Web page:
Ocado Group, the world’s largest online pure-player grocery supermarket, upgraded their annual earnings prediction for the second straight time in just two months, largely driven by a surge in demand for food delivery services amid the COVID-19 pandemic.
The British online supermarket expects EBITDA of more than 70 million pounds, up from a forecast of over 60 million pounds made last month. If realized, that would be a more than 60% surge in EBITDA from 2018-19’s 43.3 million pounds.
“With three new warehouses opening in 2021 which will ultimately give us 40% more capacity to our business, we look forward to being able to offer more slots to existing customers while welcoming new customers to Ocado and showing them what we can offer,” said Melanie Smith, Ocado Retail’s Chief Executive Officer.
At the time of writing, Ocado’s shares traded 3.23% lower at GBX 2250.77 on Thursday. However, the stock is up over 75% so far this year.
“Ocado Group’s (OCDO) Q4 sales confirmed strong UK gains but accelerated online market share losses. Another bump up in FY EBITDA expectations is entirely linked to the smooth redistribution of UK online slot demand across the week. As OCDO outlines in its outlook for 20/21, next year’s profit outlook will largely depend on a non-time delivery of additional capacity and a lack of reversal of this year’s consumer behaviour,” said James Grzinic, equity analyst at Jefferies.
Ocado Stock Price Forecast
Seven equity analysts forecast the average price in 12 months at 2,447.50p with a high forecast of 3,455.84p and a low forecast of 1,742.09p. The average price target represents a 10.87% increase from the last price of 2,207.51p. All those seven analysts, three rated “Buy”, four rated “Hold” and none “Sell”, according to Tipranks.
Morgan Stanley gave the base target price of GBX 1,820 with a high of GBX 2,836 under a bull-case scenario and GBX 1,219 under the worst-case scenario. The firm currently has an “Equal-weight” rating on the online supermarket’s stock.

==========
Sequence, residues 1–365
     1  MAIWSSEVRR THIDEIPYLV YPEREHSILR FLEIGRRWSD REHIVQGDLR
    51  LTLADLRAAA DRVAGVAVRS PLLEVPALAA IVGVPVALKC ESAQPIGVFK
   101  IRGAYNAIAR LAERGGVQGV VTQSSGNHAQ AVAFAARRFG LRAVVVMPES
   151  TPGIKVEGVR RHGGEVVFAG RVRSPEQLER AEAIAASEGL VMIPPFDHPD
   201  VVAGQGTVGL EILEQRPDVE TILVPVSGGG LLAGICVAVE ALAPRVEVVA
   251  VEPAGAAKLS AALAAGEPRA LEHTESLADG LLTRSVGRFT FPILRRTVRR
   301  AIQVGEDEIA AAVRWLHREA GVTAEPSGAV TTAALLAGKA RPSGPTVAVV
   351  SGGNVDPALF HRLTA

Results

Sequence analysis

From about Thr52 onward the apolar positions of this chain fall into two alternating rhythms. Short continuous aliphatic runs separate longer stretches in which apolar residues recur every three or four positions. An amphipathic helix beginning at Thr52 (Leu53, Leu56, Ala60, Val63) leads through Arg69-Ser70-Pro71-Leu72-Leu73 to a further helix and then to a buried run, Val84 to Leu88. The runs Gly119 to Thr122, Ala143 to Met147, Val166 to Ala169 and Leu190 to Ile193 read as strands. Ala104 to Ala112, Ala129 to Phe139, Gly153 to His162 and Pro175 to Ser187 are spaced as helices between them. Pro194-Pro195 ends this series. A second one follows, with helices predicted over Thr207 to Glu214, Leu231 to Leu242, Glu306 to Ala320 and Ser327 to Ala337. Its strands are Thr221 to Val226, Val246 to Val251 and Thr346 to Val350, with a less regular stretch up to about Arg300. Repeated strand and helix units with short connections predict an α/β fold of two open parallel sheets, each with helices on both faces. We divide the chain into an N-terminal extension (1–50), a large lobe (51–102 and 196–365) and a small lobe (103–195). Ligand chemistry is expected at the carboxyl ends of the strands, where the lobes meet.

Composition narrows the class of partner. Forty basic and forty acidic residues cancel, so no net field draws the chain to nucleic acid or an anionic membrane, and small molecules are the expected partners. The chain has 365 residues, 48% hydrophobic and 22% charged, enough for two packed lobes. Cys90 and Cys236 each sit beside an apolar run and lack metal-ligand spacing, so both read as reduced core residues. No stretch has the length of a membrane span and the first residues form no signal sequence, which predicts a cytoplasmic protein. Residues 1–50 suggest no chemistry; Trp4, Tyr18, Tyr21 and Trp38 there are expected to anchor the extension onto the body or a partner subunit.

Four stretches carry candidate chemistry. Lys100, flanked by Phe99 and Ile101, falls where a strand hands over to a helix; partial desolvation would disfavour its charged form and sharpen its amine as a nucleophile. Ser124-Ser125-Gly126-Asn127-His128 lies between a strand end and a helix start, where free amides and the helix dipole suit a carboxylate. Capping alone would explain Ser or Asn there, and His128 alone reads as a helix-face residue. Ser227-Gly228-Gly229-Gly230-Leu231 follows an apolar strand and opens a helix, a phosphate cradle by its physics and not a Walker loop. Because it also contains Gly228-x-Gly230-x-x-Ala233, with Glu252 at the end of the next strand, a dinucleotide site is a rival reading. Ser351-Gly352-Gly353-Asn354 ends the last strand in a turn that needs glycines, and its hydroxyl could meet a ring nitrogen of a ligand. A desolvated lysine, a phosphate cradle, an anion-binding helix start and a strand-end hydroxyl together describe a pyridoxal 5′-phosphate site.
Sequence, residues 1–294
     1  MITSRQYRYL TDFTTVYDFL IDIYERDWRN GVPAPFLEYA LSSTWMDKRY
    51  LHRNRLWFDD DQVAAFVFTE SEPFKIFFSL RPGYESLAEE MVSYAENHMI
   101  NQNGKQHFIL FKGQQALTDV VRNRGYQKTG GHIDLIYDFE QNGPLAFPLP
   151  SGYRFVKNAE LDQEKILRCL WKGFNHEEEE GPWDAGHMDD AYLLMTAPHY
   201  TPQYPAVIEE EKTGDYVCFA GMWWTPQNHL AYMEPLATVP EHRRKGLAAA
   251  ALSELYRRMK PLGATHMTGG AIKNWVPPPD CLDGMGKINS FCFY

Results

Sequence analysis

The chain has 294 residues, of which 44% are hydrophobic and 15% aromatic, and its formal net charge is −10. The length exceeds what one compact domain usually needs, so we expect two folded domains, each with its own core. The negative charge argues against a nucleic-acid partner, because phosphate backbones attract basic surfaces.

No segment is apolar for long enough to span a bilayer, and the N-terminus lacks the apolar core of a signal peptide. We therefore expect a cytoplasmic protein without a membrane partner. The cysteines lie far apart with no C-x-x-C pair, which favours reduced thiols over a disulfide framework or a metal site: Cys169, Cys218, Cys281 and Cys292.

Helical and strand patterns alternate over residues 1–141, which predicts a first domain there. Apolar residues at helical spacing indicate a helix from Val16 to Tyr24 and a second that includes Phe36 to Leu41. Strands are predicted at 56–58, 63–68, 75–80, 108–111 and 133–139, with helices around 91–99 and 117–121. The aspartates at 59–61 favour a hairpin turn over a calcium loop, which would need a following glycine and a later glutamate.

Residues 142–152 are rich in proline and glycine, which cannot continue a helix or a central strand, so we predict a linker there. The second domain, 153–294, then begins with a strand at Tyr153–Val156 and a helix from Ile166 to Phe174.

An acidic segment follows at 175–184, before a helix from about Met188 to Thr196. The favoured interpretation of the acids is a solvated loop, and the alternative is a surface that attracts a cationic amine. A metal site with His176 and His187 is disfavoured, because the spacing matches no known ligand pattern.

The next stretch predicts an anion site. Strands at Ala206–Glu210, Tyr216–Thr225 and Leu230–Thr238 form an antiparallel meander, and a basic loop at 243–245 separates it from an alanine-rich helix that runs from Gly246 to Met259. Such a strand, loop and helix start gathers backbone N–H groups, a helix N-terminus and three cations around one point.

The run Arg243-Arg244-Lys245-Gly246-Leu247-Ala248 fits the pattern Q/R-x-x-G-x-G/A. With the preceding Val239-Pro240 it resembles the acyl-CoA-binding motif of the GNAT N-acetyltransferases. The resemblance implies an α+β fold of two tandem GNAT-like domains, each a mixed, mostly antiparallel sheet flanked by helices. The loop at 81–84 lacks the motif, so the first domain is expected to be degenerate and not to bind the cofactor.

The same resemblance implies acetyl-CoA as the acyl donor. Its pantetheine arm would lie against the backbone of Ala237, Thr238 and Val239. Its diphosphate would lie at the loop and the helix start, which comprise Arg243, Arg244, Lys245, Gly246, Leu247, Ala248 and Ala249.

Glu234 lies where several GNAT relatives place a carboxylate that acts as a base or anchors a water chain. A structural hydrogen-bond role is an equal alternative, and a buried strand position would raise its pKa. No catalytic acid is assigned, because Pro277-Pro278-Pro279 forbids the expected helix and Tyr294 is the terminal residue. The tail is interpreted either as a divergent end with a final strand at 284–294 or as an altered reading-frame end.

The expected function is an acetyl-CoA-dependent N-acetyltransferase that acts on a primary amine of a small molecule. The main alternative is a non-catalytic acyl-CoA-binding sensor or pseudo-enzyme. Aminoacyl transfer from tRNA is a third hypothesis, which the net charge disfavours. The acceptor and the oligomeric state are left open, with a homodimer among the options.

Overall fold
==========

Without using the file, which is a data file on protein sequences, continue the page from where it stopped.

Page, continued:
“We derive our price target from a DCF-based SOTP. We value the Retail business at c.508p. We value the remaining solutions business at c.944p, of which Kroger (477p). We include additional contract wins in our Base Case to the value of 300p. The remainder is cash and deferred consideration from M&S. Values are determined using DCFs (WACC 7.5%),” noted Maria-Laura Adurno, equity analyst at Morgan Stanley.
Several other analysts have also upgraded their stock outlook. Ocado Group had its price objective increased by Berenberg Bank to GBX 2,530 from GBX 2,430. The brokerage currently has a buy rating on the stock. Peel Hunt raised the target price to GBX 2,800 from GBX 2,490. Citigroup reiterated a buy rating and set a GBX 2,900 target price.
“We would expect the comment around the guidance upgrade to be taken positively by the market rather than focus on the fact that, sequentially, there has been a softening in basket size as well as Retail revenue growth. Online penetration in food retail is c.7.8% (pre-COVID-19 outbreak) in the UK and it is one of the most advanced markets. Ocado benefits from increasing penetration through its Retail and Solutions businesses,” Morgan Stanley’s Adurno added.
“Best-in-class tech suggests upside from additional capacity on existing contracts and new contracts. There is competition on the micro fulfilment side. Limited near-term catalysts, execution risk. Current valuation captures part of the upside (prospective contracts and acceleration in existing ones).”
Upside and Downside Risks
Risks to Upside: Ocado signs additional large international contracts, the greater scale from new contracts helps drive profitability for the whole group. With respect to existing contracts, partners ramp-up faster – highlighted by Morgan Stanley.
Risks to Downside: Execution risks as the company struggles to keep up with newly committed capacity, resulting in downsizing of existing contracts. The slow pace in getting new contracts, which are also smaller in size.